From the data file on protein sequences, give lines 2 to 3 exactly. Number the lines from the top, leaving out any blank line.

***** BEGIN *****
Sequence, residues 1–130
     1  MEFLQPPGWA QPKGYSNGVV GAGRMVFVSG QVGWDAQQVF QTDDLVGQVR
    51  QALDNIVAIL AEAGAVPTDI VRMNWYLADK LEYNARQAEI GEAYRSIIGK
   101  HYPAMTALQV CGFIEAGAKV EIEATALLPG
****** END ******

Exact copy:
     1  MEFLQPPGWA QPKGYSNGVV GAGRMVFVSG QVGWDAQQVF QTDDLVGQVR
    51  QALDNIVAIL AEAGAVPTDI VRMNWYLADK LEYNARQAEI GEAYRSIIGK